Fred W. McDarrah, a photographer for the Village Voice for 50 years, photographed everyone from Martin Luther King Jr. and John F. Kennedy to Bob Dylan and Andy Warhol. In Pride: Photographs After Stonewall, McDarrah, who died in 2007, gives readers an immersive photographic tour of LGBTQ history—the birth of the gay civil rights movement at the Stonewall riots, decades of pride parades, countless queer icons, the AIDS quilt around the Washington Monument, bullet holes through the window of the Ramrod, and much more.

Pride, published by OR Books to commemorate the 50th anniversary of the Stonewall riots, is a new edition of Gay Pride: Photographs From Stonewall to Today, published 25 years ago. “We completely reset the original edition,” says John Oakes, the editor of the 2019 edition and co-publisher of OR Books. “We added 26 photos and took out a bunch that weren’t related to the New York City scene. We also came up with a new cover and a foreword by Hilton Als, who got his first job thanks to Fred. (We of course kept the original essays by Allen Ginsberg and Jill Johnston.)” I recently asked Oakes about the new edition and McDarrah’s work.

Where did Fred W. McDarrah’s photos first appear, and what was the public’s response?

Many of his photos appeared in the Village Voice, where he was senior staff photographer and the paper’s first photo editor. The Voice was a tabloid, and Fred’s pictures were often used to document the city’s thriving alternative nightlife as well as provide evidence of alternative lifestyles. The Voice catered to a bohemian, sophisticated readership that reveled in their own exploits and those of their friends and neighbors.

How would you describe his photographic style, and what ideas did he capture in his work?

More than anyone else, Fred W. McDarrah’s work recalls that of Weegee (Arthur Fellig). Like Weegee, McDarrah was a master of street photography—the sudden insight, the lightning-quick glimpse of another world.

Darrah Gay is Good McDarrah was straight, but he photographed decades of pride parades along with just about every major queer political activist, artist, and writer from the 1960s through the early ’90s: James Baldwin, Frank O’Hara, Djuna Barnes, Allen Ginsberg, Robert Rauschenberg, Merce Cunningham, John Cage, Candy Darling, and on and on. How did a straight man become so invested and immersed in the queer community and its fight for civil rights?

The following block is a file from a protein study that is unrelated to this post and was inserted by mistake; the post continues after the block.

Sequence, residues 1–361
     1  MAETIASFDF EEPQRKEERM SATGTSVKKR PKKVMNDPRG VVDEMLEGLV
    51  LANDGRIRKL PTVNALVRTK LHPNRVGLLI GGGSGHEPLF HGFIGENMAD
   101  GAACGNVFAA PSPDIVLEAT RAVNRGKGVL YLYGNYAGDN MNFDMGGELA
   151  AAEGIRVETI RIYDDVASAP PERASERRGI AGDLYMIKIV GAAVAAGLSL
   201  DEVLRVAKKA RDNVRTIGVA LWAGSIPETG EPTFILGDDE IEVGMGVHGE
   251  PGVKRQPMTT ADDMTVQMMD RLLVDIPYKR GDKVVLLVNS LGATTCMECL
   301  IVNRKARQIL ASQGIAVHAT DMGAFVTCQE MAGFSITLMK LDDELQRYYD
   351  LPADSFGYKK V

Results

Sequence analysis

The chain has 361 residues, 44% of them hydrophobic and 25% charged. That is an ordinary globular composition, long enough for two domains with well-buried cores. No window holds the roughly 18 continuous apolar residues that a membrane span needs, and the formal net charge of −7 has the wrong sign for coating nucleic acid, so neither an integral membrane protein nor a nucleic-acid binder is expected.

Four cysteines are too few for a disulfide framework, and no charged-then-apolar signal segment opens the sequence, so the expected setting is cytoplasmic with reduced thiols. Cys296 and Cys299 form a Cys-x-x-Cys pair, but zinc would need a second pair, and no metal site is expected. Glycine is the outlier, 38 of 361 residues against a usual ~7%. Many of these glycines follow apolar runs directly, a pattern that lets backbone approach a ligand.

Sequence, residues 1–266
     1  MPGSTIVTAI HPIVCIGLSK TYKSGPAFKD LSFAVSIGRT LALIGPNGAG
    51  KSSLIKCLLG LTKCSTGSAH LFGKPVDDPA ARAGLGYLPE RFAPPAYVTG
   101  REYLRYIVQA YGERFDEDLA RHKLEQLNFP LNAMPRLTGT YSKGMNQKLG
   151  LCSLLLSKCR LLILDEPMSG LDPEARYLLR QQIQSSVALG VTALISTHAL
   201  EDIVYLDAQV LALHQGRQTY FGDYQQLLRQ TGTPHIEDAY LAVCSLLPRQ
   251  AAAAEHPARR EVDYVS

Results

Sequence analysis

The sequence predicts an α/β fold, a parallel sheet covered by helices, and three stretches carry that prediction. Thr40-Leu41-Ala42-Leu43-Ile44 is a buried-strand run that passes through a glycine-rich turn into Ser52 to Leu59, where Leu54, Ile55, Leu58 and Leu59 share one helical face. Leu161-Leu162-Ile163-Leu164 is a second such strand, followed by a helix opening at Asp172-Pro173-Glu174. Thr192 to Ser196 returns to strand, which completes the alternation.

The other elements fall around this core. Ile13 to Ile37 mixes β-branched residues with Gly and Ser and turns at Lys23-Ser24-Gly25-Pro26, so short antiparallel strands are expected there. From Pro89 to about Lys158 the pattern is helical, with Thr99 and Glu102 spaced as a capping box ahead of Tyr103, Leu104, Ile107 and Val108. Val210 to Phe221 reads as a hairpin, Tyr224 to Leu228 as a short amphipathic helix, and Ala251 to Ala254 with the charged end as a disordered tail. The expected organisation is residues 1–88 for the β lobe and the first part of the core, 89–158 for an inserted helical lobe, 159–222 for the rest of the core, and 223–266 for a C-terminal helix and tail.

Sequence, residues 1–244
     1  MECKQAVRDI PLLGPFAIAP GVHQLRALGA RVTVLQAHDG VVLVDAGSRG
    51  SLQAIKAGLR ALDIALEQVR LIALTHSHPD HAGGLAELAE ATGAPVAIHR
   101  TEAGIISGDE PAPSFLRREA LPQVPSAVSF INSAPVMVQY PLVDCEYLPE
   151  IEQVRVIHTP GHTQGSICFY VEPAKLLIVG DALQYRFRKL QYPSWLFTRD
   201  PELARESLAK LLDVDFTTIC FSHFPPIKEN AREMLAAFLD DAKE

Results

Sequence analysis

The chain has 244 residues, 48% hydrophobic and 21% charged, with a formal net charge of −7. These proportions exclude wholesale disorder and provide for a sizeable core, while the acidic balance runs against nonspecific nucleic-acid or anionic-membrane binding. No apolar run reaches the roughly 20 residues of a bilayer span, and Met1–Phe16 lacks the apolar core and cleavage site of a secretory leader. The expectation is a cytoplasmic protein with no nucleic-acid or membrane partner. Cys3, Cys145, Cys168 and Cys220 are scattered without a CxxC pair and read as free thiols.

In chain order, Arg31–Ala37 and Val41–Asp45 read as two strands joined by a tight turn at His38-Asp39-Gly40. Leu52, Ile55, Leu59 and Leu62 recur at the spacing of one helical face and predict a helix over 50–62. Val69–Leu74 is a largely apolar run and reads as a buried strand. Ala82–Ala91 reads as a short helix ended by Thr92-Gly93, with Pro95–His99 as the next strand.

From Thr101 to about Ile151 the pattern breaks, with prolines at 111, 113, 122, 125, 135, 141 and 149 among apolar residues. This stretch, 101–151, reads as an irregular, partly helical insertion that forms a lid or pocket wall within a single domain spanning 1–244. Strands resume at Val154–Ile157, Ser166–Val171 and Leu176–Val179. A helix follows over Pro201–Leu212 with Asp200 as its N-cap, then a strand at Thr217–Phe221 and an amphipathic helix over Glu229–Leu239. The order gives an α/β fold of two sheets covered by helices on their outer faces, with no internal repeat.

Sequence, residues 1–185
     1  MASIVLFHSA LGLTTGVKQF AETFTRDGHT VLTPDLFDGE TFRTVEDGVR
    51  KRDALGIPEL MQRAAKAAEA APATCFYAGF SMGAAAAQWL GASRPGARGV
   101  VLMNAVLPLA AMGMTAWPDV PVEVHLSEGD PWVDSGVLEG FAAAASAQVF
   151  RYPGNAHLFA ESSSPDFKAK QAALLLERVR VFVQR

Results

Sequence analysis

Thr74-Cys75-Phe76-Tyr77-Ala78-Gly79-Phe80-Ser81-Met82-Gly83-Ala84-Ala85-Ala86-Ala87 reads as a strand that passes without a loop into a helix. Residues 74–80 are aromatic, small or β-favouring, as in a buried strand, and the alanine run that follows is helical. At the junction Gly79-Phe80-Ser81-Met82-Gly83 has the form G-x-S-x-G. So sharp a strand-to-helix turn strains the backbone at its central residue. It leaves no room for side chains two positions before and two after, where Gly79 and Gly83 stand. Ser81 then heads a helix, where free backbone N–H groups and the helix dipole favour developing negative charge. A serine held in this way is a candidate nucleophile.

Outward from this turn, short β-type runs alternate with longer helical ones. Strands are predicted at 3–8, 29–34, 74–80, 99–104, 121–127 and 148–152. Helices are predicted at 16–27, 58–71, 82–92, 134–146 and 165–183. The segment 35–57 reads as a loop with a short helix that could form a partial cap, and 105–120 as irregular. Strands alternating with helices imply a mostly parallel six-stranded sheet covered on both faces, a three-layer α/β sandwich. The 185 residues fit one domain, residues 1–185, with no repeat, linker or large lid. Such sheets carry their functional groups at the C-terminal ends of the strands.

He was always interested in the “alternative” and maintained a consistent interest in documenting the struggle for civil rights, be it on the basis of skin color, gender, or sexual orientation. The evidence shows that he admired the courage of these pioneers and recognized how absurd it was for mainstream society to ostracize them. 

Can you describe a few of your favorite photos of the collection? What sets them apart for you?

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That’s easy: There are two. One is the two-page spread that opens the book. Taken on April 21, 1966, the photo is set in Julius’ Bar, which still exists today at 159 West 10th St. At the time, it was illegal to serve liquor to anyone who openly declared him- or herself homosexual. The photo shows the moment when four members of the Mattachine Society—John Timmins, Dick Leitsch, Craig Rodwell, and Randy Wicker—declared themselves to be gay and demanded a drink, and the bartender refused to serve them. The second is the gorgeous photo of Cecil Beaton, himself holding a Hasselblad camera, as he’s positioning Andy Warhol and glam twins Jed and Jay Johnson during a shoot at the Factory in 1969. Beaton is slightly inclined toward Warhol and Co., who look regally on as though Beaton were a supplicant and they were Greek gods.

Where can readers find more of McDarrah’s work?

This spring, during World Pride 2019, the Museum of the City of New York celebrates his photos in a show entitled “Pride: Photographs of Stonewall and Beyond by Fred W. McDarrah,” and Saks Fifth Avenue will put his photos in the main windows of their stores in New York, Beverly Hills, San Francisco, and Brickell (Miami). And his photos will be featured online in the New Yorker “Photo Booth” and elsewhere. His images will be very hard to miss. If you see a black-and-white street photo of Greenwich Village in the 1970s, more often than not it is by Fred W. McDarrah.

Karen Schechner is the vice president of Kirkus Indie. The “Gay Is Good” photo above is by Fred W. McDarrah.